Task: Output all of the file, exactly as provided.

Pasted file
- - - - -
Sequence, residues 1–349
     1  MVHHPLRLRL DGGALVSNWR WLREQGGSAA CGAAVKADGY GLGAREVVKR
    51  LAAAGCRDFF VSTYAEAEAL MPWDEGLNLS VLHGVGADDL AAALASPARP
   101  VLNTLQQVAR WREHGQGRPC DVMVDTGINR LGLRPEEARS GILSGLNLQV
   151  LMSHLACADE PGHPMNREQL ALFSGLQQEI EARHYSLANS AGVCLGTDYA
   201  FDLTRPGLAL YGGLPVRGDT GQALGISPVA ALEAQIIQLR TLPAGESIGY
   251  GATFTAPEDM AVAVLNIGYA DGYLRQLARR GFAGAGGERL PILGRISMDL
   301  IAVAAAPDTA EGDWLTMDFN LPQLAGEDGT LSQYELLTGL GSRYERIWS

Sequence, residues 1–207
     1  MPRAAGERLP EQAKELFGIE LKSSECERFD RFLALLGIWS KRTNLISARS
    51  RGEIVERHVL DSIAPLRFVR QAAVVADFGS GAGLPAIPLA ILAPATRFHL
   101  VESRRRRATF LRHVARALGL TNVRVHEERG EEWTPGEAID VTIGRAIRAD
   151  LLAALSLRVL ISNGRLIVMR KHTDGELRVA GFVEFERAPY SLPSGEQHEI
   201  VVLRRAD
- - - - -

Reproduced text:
Sequence, residues 1–349
     1  MVHHPLRLRL DGGALVSNWR WLREQGGSAA CGAAVKADGY GLGAREVVKR
    51  LAAAGCRDFF VSTYAEAEAL MPWDEGLNLS VLHGVGADDL AAALASPARP
   101  VLNTLQQVAR WREHGQGRPC DVMVDTGINR LGLRPEEARS GILSGLNLQV
   151  LMSHLACADE PGHPMNREQL ALFSGLQQEI EARHYSLANS AGVCLGTDYA
   201  FDLTRPGLAL YGGLPVRGDT GQALGISPVA ALEAQIIQLR TLPAGESIGY
   251  GATFTAPEDM AVAVLNIGYA DGYLRQLARR GFAGAGGERL PILGRISMDL
   301  IAVAAAPDTA EGDWLTMDFN LPQLAGEDGT LSQYELLTGL GSRYERIWS

Sequence, residues 1–207
     1  MPRAAGERLP EQAKELFGIE LKSSECERFD RFLALLGIWS KRTNLISARS
    51  RGEIVERHVL DSIAPLRFVR QAAVVADFGS GAGLPAIPLA ILAPATRFHL
   101  VESRRRRATF LRHVARALGL TNVRVHEERG EEWTPGEAID VTIGRAIRAD
   151  LLAALSLRVL ISNGRLIVMR KHTDGELRVA GFVEFERAPY SLPSGEQHEI
   201  VVLRRAD